The Pains of Healthcare Data Interoperability Described First Hand

Posted on August 12, 2011 I Written By

John Lynn is the Founder of the blog network which currently consists of 10 blogs containing over 8000 articles with John having written over 4000 of the articles himself. These EMR and Healthcare IT related articles have been viewed over 16 million times. John also manages Healthcare IT Central and Healthcare IT Today, the leading career Health IT job board and blog. John is co-founder of and John is highly involved in social media, and in addition to his blogs can also be found on Twitter: @techguy and @ehrandhit and LinkedIn.

I was hit by this comment made by Ciro on a LinkedIn group that I’m apart of (You can find the blog network on LinkedIn if you want to join).

My patients are discharged from hospitals and are seen in different offices. I have no clue what changes have been made when I open the patient’s record in my emr. We have to call to have notes faxed to us all the time. Then we scan the documents into the emr and attach it to the patient record as a tif file. If a patient has a reaction to a medication and is seen at urgent care facility, I will not know about it unless the patient tells me. There is no integrity in my emr data since changes are made all the time. Our hospital recently spent millions on a emr that does not integrate with any outpatient emr. Where is the data exchanger and who deploys it? What button is clicked to make this happen!

My practice is currently changing its emr. We are paying big bucks for partial data migration. All the assurances we had about data portability when we purchased our original emr were exaggerated to make a sale.

Industry should have standards. In construction there are 2×4 ‘s , not 2×3.5 ‘s. Government should not impinge on privacy and free trade but they absolutely have a key role in creating standards that ensure safety and promote growth in industry.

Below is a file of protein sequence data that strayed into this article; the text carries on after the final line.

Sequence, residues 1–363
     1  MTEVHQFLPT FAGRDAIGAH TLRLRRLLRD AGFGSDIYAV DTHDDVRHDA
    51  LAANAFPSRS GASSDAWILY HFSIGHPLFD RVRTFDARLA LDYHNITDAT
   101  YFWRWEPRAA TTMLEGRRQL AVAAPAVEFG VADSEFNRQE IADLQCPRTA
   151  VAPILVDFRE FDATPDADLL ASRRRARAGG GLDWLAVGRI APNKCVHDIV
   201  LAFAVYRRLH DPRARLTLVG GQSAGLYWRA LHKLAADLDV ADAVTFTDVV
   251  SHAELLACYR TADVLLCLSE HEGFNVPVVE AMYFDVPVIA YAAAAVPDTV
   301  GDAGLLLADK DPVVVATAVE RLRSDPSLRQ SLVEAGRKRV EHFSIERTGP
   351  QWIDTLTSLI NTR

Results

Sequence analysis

I have 3 takeaways from Ciro’s comments.

1. The Pain of NO Healthcare Data Exchange – I can’t remember ever reading a first hand account that so aptly described the pains a doctor faces in trying to care for a patient and not being able to get the data they need to care for the patient properly. We need more stories like this that describe the pains of getting data exchanged in healthcare. Doctors need to recognize these pains and broadcast it far and wide. Otherwise, we’re not going to see any real significant movement. Patients can join in the chorus as well.

2. Healthcare Data Exchange Is Still Far Away – “Our hospital recently spent millions on a emr that does not integrate with any outpatient emr.” Doesn’t that comment just sting you to the core? If it doesn’t you’re probably the one that collected the million dollar checks from the hospital. I’m not sure what to say about the CIO that purchased a system that wouldn’t integrate with other EHR software.

3. Govenment’s Missed Opportunity – The last paragraph of Ciro’s comments talks about how the US government should have helped create a standard for data exchange. I still believe the EHR incentive money should be spent on establishing this standard and rewarding use of the standard. It’s probably too late now.

Keep the stories of terrible experiences exchanging healthcare data coming. I love to learn from first hand experiences. So, send them over and I’ll be sure to get your stories out and heard. Examples of great electronic healthcare data exchange would be welcome too. Few things motivate and gets things accomplished as much as pain and jealousy.